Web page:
Forever Chemicals Detected in Great Lakes Rain, Study Reveals

by | May 20, 2024

This article is included in these additional categories:

PFAS Contamination in the Great Lakes: A Growing Concern

PFAS, the forever chemicals, present a persistent environmental challenge. Known for their stability and resistance to degradation, PFAS are pervasive globally in the air, water, and soil, which allows them to be transported throughout the water cycle, eventually infiltrating drinking water sources and precipitation.

A recent study published in Environmental Science & Technology has revealed that precipitation contributes similar amounts of PFAS to all five Great Lakes, although the rate at which these lakes eliminate PFAS varies significantly. Given the link between PFAS exposure and adverse health outcomes, understanding the distribution and impact of these chemicals is crucial for developing effective environmental policies.

Variability in PFAS Concentrations Across Different Media

The research, conducted by Marta Venier and her team at Indiana University, involved collecting 207 precipitation samples, 60 air samples, and 87 water samples from various sites around the Great Lakes between 2021 and 2022. The study aimed to assess the concentrations of 41 different PFAS types in these samples.

The findings indicate that PFAS concentrations in precipitation were relatively uniform across the sampling sites, suggesting that these compounds are present at similar levels irrespective of population density. However, air samples showed significant variability, with Cleveland exhibiting the highest median PFAS concentration, while Sleeping Bear Dunes had the lowest, demonstrating the influence of population density on airborne PFAS levels.

In lake water samples, Lake Ontario recorded the highest PFAS concentrations, followed by Lake Michigan, Lake Erie, Lake Huron, and Lake Superior. Notably, the levels of PFOS and PFOA have decreased compared to previous studies, while the concentration of PFBA, a replacement PFAS, remains high. This trend highlights the need for continued regulatory efforts.

Implications for Environmental Management and Policy

The study’s mass budget analysis revealed that atmospheric deposition from precipitation is the primary source of PFAS entering the Great Lakes, with sedimentation and outflow serving as key removal mechanisms. The northernmost lakes—Superior, Michigan, and Huron—are generally accumulating PFAS, whereas Lake Ontario is eliminating these compounds, and Lake Erie shows a steady state.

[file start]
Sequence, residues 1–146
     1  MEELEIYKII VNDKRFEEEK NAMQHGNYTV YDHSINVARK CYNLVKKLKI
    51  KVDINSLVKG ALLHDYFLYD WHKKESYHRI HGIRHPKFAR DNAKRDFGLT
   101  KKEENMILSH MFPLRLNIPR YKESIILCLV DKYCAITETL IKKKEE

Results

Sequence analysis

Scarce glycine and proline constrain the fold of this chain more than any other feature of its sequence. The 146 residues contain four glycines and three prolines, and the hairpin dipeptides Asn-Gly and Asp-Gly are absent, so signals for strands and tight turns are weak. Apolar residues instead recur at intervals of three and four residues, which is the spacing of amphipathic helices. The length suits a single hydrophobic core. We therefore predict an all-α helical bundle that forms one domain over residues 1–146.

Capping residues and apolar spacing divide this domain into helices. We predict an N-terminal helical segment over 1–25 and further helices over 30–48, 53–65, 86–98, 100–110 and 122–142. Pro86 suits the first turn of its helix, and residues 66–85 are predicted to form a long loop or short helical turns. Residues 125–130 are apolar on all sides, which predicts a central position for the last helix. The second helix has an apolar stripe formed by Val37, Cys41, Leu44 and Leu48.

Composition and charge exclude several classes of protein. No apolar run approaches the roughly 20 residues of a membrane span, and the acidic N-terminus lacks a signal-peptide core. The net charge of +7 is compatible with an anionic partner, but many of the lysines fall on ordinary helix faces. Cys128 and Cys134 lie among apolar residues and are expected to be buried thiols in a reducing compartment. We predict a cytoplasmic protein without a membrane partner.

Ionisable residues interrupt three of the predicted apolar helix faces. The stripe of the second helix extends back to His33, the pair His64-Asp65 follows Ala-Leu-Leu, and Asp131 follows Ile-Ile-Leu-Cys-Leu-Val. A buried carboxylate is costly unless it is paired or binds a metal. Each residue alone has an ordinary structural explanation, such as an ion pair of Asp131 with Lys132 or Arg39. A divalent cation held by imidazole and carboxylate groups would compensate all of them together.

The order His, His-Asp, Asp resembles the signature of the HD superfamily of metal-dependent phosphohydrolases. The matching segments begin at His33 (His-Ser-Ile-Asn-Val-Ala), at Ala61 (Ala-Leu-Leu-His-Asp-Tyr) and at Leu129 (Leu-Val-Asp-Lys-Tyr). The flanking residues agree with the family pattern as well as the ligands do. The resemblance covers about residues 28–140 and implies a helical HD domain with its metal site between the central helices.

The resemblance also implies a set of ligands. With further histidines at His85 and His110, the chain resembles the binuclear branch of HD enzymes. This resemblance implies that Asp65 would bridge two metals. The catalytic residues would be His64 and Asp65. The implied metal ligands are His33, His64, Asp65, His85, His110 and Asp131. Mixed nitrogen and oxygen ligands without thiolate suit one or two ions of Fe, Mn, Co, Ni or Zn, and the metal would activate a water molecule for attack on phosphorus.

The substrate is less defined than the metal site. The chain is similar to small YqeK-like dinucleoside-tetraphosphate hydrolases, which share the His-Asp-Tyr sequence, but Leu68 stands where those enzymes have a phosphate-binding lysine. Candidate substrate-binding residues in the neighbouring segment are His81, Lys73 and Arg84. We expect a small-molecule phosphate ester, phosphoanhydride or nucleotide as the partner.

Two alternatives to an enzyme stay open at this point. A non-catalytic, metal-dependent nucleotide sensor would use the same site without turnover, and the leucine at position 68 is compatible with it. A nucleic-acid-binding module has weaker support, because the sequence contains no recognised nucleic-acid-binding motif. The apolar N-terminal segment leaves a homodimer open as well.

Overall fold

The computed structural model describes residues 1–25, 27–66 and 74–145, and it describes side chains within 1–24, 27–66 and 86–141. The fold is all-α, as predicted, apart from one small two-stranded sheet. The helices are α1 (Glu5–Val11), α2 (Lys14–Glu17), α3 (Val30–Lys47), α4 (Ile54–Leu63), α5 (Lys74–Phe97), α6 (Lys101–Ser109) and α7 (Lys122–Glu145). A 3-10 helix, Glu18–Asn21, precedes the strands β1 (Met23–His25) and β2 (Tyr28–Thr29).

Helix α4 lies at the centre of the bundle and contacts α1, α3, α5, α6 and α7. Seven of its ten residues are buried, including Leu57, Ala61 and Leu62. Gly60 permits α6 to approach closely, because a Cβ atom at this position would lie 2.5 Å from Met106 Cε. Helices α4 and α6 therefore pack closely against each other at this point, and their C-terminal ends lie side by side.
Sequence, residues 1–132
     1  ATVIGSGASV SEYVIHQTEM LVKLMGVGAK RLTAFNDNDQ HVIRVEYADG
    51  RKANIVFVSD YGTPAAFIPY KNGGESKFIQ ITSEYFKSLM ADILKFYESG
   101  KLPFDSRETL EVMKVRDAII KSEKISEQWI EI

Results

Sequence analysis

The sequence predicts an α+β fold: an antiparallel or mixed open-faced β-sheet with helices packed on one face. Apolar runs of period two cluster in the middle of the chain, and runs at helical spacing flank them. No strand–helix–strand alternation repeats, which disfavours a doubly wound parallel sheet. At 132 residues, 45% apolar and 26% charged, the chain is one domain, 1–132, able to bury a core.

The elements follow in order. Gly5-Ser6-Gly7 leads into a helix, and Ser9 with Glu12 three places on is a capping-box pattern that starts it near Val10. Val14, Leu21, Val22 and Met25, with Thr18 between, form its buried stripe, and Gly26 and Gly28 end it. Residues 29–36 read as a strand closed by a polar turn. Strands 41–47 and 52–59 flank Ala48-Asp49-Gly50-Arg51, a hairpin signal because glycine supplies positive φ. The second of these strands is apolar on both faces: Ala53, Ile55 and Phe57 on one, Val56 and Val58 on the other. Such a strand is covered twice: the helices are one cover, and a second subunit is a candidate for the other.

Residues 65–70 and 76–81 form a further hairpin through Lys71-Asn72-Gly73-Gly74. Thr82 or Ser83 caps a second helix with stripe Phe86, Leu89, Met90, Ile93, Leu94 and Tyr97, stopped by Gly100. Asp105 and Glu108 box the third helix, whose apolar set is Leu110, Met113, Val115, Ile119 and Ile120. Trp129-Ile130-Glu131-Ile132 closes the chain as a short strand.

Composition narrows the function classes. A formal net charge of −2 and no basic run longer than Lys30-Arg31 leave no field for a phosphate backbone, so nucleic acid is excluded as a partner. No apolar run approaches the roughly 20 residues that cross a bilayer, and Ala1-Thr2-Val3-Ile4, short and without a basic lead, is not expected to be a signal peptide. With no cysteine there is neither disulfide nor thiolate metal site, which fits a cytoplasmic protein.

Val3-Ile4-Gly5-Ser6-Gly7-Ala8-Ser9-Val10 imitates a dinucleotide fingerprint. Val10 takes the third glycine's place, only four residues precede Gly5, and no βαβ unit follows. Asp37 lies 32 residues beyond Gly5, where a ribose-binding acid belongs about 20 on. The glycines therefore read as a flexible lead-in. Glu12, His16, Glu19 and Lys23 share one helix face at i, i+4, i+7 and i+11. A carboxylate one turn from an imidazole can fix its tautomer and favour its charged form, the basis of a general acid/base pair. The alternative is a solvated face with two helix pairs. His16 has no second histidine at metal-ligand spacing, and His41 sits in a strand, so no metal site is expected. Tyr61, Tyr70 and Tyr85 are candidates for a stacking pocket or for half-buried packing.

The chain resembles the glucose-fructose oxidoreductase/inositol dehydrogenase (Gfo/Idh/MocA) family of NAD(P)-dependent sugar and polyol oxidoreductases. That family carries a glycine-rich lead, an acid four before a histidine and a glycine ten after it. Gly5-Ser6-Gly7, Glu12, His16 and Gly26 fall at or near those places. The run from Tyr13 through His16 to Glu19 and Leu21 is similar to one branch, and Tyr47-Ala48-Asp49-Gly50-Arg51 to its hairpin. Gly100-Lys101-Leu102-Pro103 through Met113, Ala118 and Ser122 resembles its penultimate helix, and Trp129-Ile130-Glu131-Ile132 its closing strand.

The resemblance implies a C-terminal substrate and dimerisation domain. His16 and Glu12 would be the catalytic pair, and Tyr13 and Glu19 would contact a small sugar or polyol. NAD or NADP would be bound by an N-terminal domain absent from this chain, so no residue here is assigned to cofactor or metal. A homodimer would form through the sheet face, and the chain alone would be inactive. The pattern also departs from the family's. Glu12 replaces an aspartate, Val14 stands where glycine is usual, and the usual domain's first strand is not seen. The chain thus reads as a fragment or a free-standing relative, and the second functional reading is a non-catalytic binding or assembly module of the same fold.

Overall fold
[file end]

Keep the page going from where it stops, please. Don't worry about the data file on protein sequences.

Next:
These findings have significant implications for environmental management and policy development. As the Great Lakes are a vital freshwater source for both the U.S. and Canada, ensuring their protection from PFAS contamination is paramount. The EPA’s recent designation of PFOS and PFOA as hazardous substances, along with setting limits on their concentrations in drinking water, marks a critical step in addressing this issue.

Moving forward, the research underscores the importance of continuous monitoring and comprehensive data collection to better understand PFAS sources and behaviors. Enhanced regulatory measures and targeted mitigation strategies will be essential to manage and reduce the presence of these persistent pollutants in the Great Lakes and beyond.

Addressing Data Gaps and Enhancing Future Research

Despite the valuable insights provided by this study, several data gaps remain. There is a need for more comprehensive discharge data from tributaries and wastewater treatment plants (WWTPs) to better understand the full scope of PFAS contamination. Additionally, improving the understanding of PFAS sources and refining partitioning data in the air will enhance the robustness of PFAS cycling models in the Great Lakes.

Future research should focus on these areas to support ongoing efforts to manage PFAS contamination effectively. By addressing these gaps, policymakers and environmental managers can develop more informed and effective strategies to protect the Great Lakes and safeguard public health.

Additional articles you will be interested in.

Stay Informed

Get E+E Leader Articles delivered via Newsletter right to your inbox!

This field is for validation purposes and should be left unchanged.
Share This